In my 30 years as a privacy advocate, I have never before witnessed such a rapid twist. Before 2010, a significant number of commercial and government organizations viewed privacy as a negotiable and peripheral issue that could be managed by PR companies. In the space of six years, privacy has become a core issue attracting substantial financial backing — evidenced, for example, not just by the recent surge of mainstream-targeted privacy start-ups such as Sirin Labs (which by May 2016 had raised $72M), but also by a $250M bankrolling of The Intercept magazine. Activist groups, non-profits and NGOs (collectively known as “civil society”) have never experienced such a swell of support or popularity.
It’s not necessary here to recite the litany of legal and media battles that have ensued over the years between companies and privacy activists. Many of those are a matter of record (though by no means all of them). As the former head of Privacy International I can provide countless examples of the trouble that can be caused if organizations fail to take up an opportunity to engage.
Some of our interventions, however, turned out to be extremely positive for all parties. We worked with Google on the development of transparency reports — an initiative that was a clear win for everyone. And I recall Microsoft postponing the launch of Bing Streetside after we had suggested some security improvements. In that case it was a simple matter of us proposing stronger third-party audit provisions to obviate the sort of PR and legal drama that Google had faced over Streetview. Microsoft’s then U.K. National Technology Officer Jerry Fishenden trusted us enough to provide advance notice of the launch and that relationship allowed our advice to be circulated around the company. Microsoft responded quickly and positively, and privacy was the clear winner.
It’s instructive to look in more detail at how collaboration with NGOs can replace confrontation. For example, about 10 years ago we noticed that it seemed impossible for eBay users to delete their accounts. We sampled a number of people, none of whom were able to discover a link for account closure.
After years of dealing with big organizations we had become battle-scarred. To us it seemed hardly worth the effort of confronting some invisible PR company which in the end would do no more than read out a screen message telling us “XXX cares about the privacy of its users.” So we took the best course of action at our disposal and triggered an investigation by the U.K. Information Commissioner’s Office (ICO) over our claim that eBay had fundamentally breached data protection principles. Once we had received a positive response from the ICO, all that was left for us were some well-timed calls to the press.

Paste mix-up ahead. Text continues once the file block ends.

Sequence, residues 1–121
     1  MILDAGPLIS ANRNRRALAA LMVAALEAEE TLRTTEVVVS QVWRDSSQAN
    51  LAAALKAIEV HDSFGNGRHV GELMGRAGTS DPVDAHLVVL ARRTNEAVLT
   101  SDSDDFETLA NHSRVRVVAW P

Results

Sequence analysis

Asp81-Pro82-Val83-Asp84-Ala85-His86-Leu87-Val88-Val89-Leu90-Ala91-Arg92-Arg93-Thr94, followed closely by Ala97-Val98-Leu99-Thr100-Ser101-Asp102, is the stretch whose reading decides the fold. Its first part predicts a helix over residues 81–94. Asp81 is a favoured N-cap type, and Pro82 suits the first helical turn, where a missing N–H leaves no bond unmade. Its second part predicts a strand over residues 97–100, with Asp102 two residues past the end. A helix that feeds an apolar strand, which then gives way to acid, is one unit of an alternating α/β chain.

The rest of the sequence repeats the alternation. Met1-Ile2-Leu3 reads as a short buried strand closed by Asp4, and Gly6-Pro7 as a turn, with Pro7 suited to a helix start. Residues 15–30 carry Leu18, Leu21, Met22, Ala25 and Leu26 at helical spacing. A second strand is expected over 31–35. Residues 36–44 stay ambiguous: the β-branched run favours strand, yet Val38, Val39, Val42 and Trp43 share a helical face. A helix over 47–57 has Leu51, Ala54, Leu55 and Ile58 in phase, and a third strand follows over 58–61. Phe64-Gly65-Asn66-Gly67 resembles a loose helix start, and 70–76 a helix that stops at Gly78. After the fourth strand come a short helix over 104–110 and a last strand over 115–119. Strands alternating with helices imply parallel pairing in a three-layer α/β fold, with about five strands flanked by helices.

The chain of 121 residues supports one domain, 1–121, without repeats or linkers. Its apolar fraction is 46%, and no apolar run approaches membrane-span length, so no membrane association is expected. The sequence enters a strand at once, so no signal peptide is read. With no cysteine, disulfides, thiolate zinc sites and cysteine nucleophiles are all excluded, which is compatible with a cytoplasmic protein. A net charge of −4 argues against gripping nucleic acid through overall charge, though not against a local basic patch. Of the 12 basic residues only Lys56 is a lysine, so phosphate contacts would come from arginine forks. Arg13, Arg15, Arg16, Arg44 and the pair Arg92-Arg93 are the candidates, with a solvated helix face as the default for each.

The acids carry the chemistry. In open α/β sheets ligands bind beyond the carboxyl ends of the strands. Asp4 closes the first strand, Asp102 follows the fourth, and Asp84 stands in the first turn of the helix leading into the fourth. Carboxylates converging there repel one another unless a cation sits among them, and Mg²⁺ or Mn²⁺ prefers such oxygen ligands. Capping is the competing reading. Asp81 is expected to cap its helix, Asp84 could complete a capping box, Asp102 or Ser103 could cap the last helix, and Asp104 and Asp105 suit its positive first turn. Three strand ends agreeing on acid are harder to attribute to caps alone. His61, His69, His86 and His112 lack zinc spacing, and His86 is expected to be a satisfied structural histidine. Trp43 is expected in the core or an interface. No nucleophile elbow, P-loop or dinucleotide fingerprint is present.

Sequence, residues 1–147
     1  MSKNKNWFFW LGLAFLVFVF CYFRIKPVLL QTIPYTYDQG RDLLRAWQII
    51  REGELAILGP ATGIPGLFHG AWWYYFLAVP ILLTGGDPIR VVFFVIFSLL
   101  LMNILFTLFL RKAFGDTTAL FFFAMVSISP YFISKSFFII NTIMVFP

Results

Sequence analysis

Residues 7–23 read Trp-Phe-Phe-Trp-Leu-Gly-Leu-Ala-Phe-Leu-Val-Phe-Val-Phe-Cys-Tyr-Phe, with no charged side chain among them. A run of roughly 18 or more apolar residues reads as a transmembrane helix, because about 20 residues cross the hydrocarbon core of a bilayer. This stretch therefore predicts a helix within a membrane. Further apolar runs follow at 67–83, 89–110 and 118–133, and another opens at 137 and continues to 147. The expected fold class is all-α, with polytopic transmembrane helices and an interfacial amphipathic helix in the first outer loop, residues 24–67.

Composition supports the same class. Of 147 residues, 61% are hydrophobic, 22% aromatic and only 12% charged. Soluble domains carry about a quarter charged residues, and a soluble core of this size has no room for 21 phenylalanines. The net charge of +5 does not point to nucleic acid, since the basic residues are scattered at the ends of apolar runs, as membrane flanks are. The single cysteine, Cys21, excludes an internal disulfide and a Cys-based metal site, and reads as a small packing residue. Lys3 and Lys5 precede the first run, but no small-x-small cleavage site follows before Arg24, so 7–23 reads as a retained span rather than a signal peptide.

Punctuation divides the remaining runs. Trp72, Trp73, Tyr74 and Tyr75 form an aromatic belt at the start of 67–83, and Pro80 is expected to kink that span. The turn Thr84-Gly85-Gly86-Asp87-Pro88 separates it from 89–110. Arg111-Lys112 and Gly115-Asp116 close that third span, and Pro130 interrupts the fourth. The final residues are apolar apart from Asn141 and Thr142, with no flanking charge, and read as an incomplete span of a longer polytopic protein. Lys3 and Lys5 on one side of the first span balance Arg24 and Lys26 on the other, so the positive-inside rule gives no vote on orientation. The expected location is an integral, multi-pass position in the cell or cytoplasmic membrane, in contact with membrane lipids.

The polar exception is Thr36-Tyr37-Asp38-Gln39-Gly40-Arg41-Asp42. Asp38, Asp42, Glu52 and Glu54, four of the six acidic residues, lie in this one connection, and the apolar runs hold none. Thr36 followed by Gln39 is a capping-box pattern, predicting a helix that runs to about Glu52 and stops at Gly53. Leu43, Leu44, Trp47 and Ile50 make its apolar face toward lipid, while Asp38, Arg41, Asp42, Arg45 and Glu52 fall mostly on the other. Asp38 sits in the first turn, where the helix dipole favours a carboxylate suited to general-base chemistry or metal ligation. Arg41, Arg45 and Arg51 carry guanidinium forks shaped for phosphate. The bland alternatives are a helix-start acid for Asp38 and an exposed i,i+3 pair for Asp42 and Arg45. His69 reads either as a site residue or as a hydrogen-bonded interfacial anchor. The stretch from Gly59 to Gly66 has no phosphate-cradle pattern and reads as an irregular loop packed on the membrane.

The following day the story played loudly in the papers, both in the U.K. and overseas. "EBay under investigation" was a nice coup for us, even if it was a tad overhyped.
Within a few hours, eBay’s then-global privacy lead, Scott Shipman, reached out to us. Rather than taking a defensive position, he offered to work with us to help fix the problem. This offer, for us, was a rare experience. Scott convened a working group of engineers and set up conference calls, to which we were included. He even informally brought on Facebook at one point to help crack the problem. It turned out that account closure was indeed possible, but the pathway to that link was deeply obscure.
It took nine months to resolve the issue, a task which was complicated further because of the multiple languages that the company operated in. However, the result was — once again — a clear win for privacy.
Obviously there are clear limits to this sort of engagement. If a company’s business model is anti-privacy, no amount of engagement with a credible NGO will work. But for organizations that genuinely care about privacy, there is a well-established path forward.
In my experience, this path involves a few pinch points. First, don’t allow your PR people to use rhetoric to fend off privacy controversy. Provide a clear pathway to your legal teams and let NGOs know about the mandate of those teams.
Second, keep the communication real. Be careful about the use of jargon and ensure that proposed responses are measurable. This will also help build support for privacy reform within your organization.
My sense is that this approach will help build a much stronger privacy environment and will provide the sort of protections that both companies and NGOs are aiming for.